Rishi Sunak has said it would be “economically illiterate” not to invest in UK oil and gas because the country will need fossil fuels for “the next few decades” despite the drive towards net zero.
With a decision expected imminently on whether to allow drilling at the Rosebank field off Shetland, the Prime Minister told MPs it makes “absolutely no sense” to become dependent on overseas resources for the nation’s energy supply.
Rosebank is one of the largest such oil and gas fields in the North Atlantic, capable of producing up to 500 million barrels of oil. Norwegian state-owned energy firm Equinor owns the licence for the field and is awaiting a final decision on whether extraction will go ahead.
The International Energy Agency has said there must be no new investment in oil and gas if the world is to become net zero by 2050, while the Intergovernmental Panel on Climate Change said emissions from existing fossil fuel infrastructure are already set to push global temperatures beyond safe limits.
Environmental campaigners gathered outside Equinor's central London headquarters yesterday to protest against the firm’s plans.
Meanwhile, at an energy conference in Glasgow, First Minister Humza Yousaf said there is a “moral imperative” to move away from fossil fuels – but stopped short of calling for a halt to Rosebank.
At Prime Minister’s Questions in the House of Commons, Green MP Caroline Lucas asked Mr Sunak: “The Prime Minister has previously declared, and I quote, my daughter is the climate change champion in our house.
“I wonder if he’s asked her what she thinks about Rosebank, the biggest undeveloped oilfield in the North Sea, which would blow climate targets, create more emissions than 28 of world’s poorest countries combined, involve the obscene transfer of £4 billion of taxpayers’ money to a Norwegian energy firm Equinor and do nothing for energy security since the vast majority of the oil will be exported.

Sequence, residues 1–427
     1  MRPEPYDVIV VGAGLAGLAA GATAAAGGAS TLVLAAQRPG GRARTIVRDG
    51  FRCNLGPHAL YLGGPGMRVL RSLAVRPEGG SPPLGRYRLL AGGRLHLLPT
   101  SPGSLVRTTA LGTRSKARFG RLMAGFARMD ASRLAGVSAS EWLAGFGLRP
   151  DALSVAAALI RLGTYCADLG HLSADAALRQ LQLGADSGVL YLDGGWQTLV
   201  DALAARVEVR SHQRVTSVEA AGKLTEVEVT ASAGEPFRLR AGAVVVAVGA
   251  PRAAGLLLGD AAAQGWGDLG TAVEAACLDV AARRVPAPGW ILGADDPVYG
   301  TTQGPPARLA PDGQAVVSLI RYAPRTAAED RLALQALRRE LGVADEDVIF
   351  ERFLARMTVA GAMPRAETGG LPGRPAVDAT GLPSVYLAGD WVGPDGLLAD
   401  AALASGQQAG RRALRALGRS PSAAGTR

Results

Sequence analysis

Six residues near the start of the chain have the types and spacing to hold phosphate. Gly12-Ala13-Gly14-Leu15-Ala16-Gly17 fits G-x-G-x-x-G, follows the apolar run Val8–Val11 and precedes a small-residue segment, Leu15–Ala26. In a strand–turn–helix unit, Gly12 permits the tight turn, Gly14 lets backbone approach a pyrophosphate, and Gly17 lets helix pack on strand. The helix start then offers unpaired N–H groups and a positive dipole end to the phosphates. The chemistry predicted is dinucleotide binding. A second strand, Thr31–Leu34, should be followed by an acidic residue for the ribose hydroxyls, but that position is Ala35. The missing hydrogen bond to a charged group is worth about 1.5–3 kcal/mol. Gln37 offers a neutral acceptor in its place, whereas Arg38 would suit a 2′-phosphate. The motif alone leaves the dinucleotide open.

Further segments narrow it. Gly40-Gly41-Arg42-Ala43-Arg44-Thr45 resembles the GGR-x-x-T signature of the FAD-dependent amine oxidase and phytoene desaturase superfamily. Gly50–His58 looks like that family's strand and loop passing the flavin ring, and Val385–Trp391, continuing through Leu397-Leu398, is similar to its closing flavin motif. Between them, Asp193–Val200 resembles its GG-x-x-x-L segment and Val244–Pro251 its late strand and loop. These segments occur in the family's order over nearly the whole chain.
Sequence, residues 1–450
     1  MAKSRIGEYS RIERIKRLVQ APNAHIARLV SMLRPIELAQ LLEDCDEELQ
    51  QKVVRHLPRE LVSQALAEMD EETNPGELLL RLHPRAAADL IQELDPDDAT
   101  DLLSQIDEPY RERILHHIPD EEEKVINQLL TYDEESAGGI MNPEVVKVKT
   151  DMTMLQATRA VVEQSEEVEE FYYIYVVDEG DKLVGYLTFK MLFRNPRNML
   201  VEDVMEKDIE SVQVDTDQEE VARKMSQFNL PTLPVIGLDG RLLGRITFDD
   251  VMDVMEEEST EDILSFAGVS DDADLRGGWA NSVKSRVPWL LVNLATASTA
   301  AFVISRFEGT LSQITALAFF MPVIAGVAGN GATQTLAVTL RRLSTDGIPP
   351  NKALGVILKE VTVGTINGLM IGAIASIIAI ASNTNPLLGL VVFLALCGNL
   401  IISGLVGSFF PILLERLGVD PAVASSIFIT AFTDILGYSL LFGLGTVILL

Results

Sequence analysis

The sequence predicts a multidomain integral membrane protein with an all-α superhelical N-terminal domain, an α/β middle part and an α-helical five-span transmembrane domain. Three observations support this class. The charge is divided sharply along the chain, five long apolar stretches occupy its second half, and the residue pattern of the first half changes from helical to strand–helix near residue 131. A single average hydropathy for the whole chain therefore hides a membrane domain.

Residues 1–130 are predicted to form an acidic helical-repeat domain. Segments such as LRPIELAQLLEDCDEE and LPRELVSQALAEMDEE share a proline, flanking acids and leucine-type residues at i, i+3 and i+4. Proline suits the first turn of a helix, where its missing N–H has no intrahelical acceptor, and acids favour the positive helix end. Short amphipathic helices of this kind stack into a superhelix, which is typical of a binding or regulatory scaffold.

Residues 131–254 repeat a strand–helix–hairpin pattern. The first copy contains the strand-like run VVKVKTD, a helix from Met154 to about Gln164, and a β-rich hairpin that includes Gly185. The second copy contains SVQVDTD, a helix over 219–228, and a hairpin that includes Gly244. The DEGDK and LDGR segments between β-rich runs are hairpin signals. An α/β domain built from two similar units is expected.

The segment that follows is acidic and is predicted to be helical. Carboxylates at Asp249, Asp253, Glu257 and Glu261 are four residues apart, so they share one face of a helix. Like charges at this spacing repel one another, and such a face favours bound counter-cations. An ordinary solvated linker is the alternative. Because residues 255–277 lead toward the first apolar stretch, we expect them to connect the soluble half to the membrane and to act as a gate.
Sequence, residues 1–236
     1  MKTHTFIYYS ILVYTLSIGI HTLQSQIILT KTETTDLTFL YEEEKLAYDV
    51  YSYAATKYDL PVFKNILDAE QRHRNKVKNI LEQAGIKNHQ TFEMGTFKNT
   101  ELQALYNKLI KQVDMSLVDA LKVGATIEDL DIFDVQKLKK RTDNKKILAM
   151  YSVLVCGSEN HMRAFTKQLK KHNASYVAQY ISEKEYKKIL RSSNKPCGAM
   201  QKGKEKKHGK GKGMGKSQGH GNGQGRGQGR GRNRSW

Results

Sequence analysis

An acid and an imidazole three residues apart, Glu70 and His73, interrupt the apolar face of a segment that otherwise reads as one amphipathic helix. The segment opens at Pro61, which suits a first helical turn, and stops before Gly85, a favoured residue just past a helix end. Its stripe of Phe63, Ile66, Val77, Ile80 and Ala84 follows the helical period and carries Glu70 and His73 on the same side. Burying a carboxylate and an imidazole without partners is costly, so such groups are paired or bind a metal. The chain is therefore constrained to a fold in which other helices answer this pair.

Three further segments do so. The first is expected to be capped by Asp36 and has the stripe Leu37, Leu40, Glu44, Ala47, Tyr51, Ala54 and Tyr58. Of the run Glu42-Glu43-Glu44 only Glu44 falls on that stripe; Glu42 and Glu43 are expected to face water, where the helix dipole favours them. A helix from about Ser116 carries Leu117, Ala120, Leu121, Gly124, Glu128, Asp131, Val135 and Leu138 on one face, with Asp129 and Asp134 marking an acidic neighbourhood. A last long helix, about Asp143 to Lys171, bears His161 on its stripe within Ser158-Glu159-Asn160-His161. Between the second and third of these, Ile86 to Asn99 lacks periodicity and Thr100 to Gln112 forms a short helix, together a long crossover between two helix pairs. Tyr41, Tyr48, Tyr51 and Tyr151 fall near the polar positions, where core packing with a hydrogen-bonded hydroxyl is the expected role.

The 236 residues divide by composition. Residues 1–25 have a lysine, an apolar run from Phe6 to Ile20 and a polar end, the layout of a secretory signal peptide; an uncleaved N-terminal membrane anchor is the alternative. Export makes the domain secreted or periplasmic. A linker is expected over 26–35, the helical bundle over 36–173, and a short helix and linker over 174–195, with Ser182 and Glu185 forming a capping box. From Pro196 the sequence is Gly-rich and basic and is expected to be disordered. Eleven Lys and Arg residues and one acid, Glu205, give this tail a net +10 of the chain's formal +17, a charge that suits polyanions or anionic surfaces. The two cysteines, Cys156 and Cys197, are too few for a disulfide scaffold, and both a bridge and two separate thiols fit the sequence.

“If he gives it the green light, will he be able to look his daughter in the eye and honestly say that he has done everything in his power to give her and all other young people a liveable future?”
Mr Sunak replied: “As the independent committee for climate change has acknowledged, we will need fossil fuels for the next few decades as we transition to a greener future and during that period it makes absolutely no sense to not invest in the resources we have here at home, to import foreign fossil fuels, not create jobs here and import them at twice the carbon emissions as our local resources.
“It is an economically illiterate policy but that’s what you’d expect from the Green Party.”
Greenpeace campaigner Philip Evans said it was Mr Sunak who was economically illiterate for justifying investment in new oil and gas on the basis of energy security.
Mr Evans said: "Doesn't he understand that any oil and gas drilled in the North Sea will be simply sold on the international market, handing more huge profits to energy companies? This will do nothing to lower bills at home.
"The evidence is clear, new drilling would be catastrophic for the climate. We've already got more than enough oil to see us through the transition to net zero.
"The Government must create an energy system fit for the future by removing the planning and grid blocks holding renewables back, and tackle the vast energy waste in our leaky homes.”
Speaking at the All-Energy Conference in Glasgow, Mr Yousaf stressed the need to move away from oil and gas in a way that limits the economic damage caused to the industry and to the north east of Scotland, where it accounts for a significant number of jobs.
Asked about the proposed Rosebank field, he said: "I don’t think that you should extract any oil if there is not a good reason to do so and those are to make sure first and foremost that we are meeting our climate change obligations.
"Secondly in relation to energy security which is not just a domestic matter as we’ve seen in terms of the war against Ukraine it is a global matter, but also how does it help us in relation to that just transition.
"We know we can’t just turn off the taps tomorrow, neither would we want to, because that would have a serious impact on the economy and the jobs of the north east in particular."
He also hinted at a potential shift away from the presumption of no new exploration of oil and gas in the government’s draft energy strategy.